A Hanging Garden, 2007

Samir Srouji
A Hanging Garden, 2007
Crude oil, steel, sand, grass
Installation view


A Hanging Garden is a site-specific garden project that is informed by the tension at the far edge of growth and the desert. Grass, sand, gravel, and crude oil are the ingredients at play. This temporary installation is conceived as a composition of natural and man-made materials in vicarious balance suspended 145 cm above ground.

Viewing the peripheries of human development from satellite images, especially in the UAE region, one is struck by the seeming tenacity of green patches as well as by the fragility of their existence. There are no transitions; the shift from lush gardens to arid desert is a violent one. These gardens exist at a knife’s edge proximity to their demise and return to sand. A Hanging Garden echoes these confrontations and reflects on their immediacy.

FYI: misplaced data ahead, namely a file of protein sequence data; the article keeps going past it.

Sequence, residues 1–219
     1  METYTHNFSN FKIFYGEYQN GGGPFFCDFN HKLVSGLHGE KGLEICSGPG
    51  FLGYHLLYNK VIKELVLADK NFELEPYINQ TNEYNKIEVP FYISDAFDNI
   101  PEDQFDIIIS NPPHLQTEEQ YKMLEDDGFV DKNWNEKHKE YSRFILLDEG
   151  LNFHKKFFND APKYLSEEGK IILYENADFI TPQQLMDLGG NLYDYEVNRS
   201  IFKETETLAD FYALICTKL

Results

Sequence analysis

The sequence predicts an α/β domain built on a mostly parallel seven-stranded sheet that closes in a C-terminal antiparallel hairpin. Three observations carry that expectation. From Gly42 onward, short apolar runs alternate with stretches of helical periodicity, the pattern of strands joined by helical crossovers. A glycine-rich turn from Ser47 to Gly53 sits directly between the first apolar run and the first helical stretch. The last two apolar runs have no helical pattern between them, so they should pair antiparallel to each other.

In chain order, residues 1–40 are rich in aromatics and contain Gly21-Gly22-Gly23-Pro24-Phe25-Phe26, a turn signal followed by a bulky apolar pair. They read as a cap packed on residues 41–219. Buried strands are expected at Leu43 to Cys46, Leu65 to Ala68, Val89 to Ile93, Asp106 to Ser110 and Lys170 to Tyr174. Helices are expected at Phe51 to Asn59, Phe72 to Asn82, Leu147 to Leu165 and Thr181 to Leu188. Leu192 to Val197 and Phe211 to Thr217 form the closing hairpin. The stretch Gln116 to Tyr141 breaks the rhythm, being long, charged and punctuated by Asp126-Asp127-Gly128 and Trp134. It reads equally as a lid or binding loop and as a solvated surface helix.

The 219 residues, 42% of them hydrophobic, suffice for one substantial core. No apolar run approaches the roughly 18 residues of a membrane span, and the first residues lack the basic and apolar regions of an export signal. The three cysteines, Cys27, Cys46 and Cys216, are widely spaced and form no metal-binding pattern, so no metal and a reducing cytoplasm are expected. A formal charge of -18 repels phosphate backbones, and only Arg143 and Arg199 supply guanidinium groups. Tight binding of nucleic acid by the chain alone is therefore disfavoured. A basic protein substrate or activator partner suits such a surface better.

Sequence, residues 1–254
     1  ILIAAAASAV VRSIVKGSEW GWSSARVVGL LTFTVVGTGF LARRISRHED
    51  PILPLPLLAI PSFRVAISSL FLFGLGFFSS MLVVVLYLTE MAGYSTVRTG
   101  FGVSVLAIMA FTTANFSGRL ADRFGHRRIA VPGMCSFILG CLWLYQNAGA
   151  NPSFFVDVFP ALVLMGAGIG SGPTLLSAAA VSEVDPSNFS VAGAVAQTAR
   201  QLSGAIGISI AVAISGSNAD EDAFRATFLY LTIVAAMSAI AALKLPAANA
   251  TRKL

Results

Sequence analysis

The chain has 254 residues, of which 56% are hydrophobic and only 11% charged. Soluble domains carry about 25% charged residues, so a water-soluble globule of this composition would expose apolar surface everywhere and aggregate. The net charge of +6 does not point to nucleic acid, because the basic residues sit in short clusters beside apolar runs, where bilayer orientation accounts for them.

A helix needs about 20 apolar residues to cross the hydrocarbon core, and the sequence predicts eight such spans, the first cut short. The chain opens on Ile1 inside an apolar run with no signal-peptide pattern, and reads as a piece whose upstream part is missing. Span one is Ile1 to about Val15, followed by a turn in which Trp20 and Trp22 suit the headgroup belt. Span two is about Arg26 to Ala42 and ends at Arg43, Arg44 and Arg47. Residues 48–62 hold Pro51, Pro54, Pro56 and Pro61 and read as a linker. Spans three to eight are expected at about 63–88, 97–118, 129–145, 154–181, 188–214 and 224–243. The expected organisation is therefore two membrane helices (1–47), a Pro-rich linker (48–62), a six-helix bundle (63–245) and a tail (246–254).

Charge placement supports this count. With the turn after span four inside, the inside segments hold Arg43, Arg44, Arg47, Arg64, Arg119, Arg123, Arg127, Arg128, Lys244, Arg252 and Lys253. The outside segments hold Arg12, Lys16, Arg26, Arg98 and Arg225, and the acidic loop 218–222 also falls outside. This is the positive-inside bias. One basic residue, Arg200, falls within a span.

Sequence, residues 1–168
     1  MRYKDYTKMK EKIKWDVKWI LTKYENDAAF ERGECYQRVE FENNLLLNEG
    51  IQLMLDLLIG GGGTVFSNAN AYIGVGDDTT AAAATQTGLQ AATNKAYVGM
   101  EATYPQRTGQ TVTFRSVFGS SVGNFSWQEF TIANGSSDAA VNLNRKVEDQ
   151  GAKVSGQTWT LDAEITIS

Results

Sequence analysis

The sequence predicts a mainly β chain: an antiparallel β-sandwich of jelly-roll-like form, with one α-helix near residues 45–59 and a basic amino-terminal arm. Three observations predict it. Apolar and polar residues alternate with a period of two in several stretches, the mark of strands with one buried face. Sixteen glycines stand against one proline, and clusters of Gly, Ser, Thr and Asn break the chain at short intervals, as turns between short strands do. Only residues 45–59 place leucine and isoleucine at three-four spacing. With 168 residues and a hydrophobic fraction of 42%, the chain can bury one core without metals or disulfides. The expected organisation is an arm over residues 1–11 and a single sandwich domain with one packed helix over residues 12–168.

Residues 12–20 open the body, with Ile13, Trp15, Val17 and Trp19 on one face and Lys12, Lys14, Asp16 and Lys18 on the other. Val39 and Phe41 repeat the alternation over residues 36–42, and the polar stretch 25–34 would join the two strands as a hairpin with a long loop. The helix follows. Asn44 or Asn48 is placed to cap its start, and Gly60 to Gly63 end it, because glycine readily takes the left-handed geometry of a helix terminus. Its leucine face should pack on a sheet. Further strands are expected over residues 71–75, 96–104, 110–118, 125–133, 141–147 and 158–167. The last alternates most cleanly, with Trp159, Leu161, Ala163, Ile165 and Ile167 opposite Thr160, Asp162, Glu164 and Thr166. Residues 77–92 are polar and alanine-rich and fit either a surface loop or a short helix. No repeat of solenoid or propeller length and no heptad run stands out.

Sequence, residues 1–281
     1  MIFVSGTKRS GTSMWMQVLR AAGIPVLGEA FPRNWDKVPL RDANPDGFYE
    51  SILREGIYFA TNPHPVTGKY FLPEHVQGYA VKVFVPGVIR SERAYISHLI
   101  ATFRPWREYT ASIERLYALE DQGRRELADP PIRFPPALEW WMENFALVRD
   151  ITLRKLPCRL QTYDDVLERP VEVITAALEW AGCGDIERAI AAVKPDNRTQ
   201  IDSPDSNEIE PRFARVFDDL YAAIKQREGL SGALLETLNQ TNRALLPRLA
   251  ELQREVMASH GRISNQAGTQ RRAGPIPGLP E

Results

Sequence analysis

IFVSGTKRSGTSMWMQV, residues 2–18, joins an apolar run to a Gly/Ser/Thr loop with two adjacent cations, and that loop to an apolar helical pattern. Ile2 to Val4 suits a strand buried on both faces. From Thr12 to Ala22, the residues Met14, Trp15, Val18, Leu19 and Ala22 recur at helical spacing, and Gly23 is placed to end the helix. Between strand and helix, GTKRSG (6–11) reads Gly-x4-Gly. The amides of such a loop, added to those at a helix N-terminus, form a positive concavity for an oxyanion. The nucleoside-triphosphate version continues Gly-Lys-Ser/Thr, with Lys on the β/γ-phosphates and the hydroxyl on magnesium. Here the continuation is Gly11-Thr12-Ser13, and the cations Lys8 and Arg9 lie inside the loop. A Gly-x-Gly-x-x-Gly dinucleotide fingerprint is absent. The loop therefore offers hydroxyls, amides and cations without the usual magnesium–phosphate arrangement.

It is said that the ancient Hanging Gardens of Babylon were created by King Nebuchadnezzar to cheer his homesick wife, who came from a mountainous green region to the dry, flat lands of Mesopotamia. Referencing the Babylonian myth, A Hanging Garden is also a contemplation on the human desire to transform geography; on the heroism and futility of this endeavor witnessed at the tenuous line between sand and grass.

This project was part of Sharjah Biennial 8.